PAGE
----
Dallas-based Southwest Airlines has moved to take down a website and local billboard that takes aim at the company’s “woke” business efforts in promoting racial and LGBTQ diversity.
The website, called “Southwoke,” photoshops Southwest officials’ faces on people wearing rainbow-colored outfits and different hairdos. There’s a blog on the page that discredits the value of diversity, equity and inclusion initiatives and lists anti-diversity and anti-LGBTQ stances.
The billboard along I-35 southbound in Burleson has a person dressed in drag attire and a ‘Southwoke’ airplane reads: “Either way we’ll drag you on board.”
“These groups and individuals have begun to target businesses, especially those businesses that uphold their values of diversity and inclusion and stand with our community,” said Jared Todd, spokesperson for the Human Rights Campaign in an email. “They’ve said that this is about making Pride and inclusion ‘toxic.’ The throughline, from a historic year of anti-LGBTQ legislation to backlash against companies, is the same tired playbook of fear-mongering and bullying that we’ve experienced for decades now.”
At this time, no one has taken credit for the website or billboard. The domain is registered with Tucows Domains Inc. and the owner’s information has been redacted on the Tucows public website “for privacy.”
Opponents of diversity initiatives, especially those that support LGBTQ rights, have been calling out companies like Target and Anheuser-Busch. The movement has seeped into state Legislatures as well.In Texas, lawmakers passed bills to ban gender-affirming medical care for minors, restrict transgender college athletes and ban drag shows in front of kids. All three bills sit on Gov. Greg Abbott’s desk.
“An arbitrator ultimately found the website was a parody and thus cannot be taken seriously,” Mainz said. “We do not agree; the person or persons behind the website and the billboard do not represent what we stand for as a company, and the content includes hurtful images and language. We continue to explore legal remedies while working to minimize awareness of the sensational content.”
Southwest’s public opposition to the pushback stands in direct contrast to other companies that have acquiesced to conservative pressure not to support LGBTQ rights and diverse hiring practices.
Retailer Target also pulled LGBTQ merchandise from its Pride collection in May citing a backlash that threatened workers’ safety, according to The Washington Post.
Other companies, like Anheuser-Busch, have received criticism and boycotts from conservative commentators and celebrities after TikTok star Dylan Mulvaney promoted a beer contest. After seeing the decline in sales, the beer maker announced that two of its executives were taking a leave of absence and that it would focus its future marketing campaigns around sports and music, not standing by its promoter, according to The New York Times.
In Florida, where lawmakers have expanded on the “Don’t Say Gay” law, according to NBC News, Gay Days, an annual event for the LGBTQ community and allies to gather at Disney World, has received an increase in emails and social media messages from guests saying they aren’t participating because of “what’s going on.”
Organizers say they expect a sizable crowd in spite of the threats.
Ahead of Pride Month, the Human Rights Campaign and over 100 partner organizations called onthe business community to reject and speak out against anti-LGBTQ extremism.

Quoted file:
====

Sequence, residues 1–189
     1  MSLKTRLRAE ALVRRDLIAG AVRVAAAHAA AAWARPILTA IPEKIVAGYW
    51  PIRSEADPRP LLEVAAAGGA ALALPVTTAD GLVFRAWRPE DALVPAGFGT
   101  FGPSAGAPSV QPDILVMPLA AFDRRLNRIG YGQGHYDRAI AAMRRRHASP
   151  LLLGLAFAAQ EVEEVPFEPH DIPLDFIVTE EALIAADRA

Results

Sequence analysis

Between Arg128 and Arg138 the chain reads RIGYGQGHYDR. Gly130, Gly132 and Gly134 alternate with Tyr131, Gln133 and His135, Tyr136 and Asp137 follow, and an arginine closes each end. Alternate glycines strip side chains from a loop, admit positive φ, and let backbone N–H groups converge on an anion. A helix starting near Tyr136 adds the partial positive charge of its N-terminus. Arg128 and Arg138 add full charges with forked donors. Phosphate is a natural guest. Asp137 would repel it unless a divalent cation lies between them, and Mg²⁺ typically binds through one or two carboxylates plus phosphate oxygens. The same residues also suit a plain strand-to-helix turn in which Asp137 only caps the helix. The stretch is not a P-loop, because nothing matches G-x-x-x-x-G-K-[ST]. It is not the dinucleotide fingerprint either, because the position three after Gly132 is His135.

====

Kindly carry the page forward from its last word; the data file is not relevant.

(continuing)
In a statement, the coalition said, “Recent pushback against businesses such as Anheuser-Busch and Target, blatantly organized by extremist groups, serves as a wake up call for all businesses that support the LGBTQ+ community. We’ve seen this extremist playbook of attacks before. Their goal is clear: to prevent LGBTQ+ inclusion and representation, silence our allies and make our community invisible.”
Todd with the Human Rights Campaign said there’s been an ongoing fight against a coordinated attack from an extreme ideology that “wants to see us pushed back in the closet.” Companies need to lead in this moment, Todd said. Pointing to the North Face and Adidas, which have stood by their commitment to advertising support for individuals in the LGBTQ community, Todd said companies like Target need to stand up to the bullies.
“Sometimes allyship is uncomfortable, especially when values are tested,” Todd said. “Companies should know that it’s not a great look, nor is good for business, to give credence to bullies.”
Meanwhile, Southwest is standing by its commitment to diversity by taking legal action.
The Dallas carrier has a diversity council that was founded in 2007, with 135 members in 2022. Last year, the carrier introduced inclusion-focused wearable pins, optional for all employees to wear on their uniform. There was also a push for requiring diverse candidate slates for all open leadership positions, according to Southwest’s 2022 diversity report. All Southwest leaders are required to complete in-house diversity training, as well.
Of Southwest’s senior management committee, a voluntary self-identification campaign revealed that 94% of its executives are heterosexual or straight, 3% are lesbian or gay, and 3% declined to say.
Cece Cox, CEO at Resource Center in Dallas, said thousands of businesses and corporations are doing this work. She connects it to the “civil rights victories” that have happened over the years, like the reversal of restrictions for women or people of color, and marriage equality.
“What corporations are faced with, what we’re all faced with, is we have the opportunity to strive for democracy, which is a place that values a variety of voices and experiences,” said Cox, who heads the LGBTQ advocacy and health organization.
Cox said efforts that are made to better understand one another are necessary.
“There’s a million reasons why companies should be doing this work that is labeled ‘DEI,’ but it’s really about human beings connecting,” Cox said.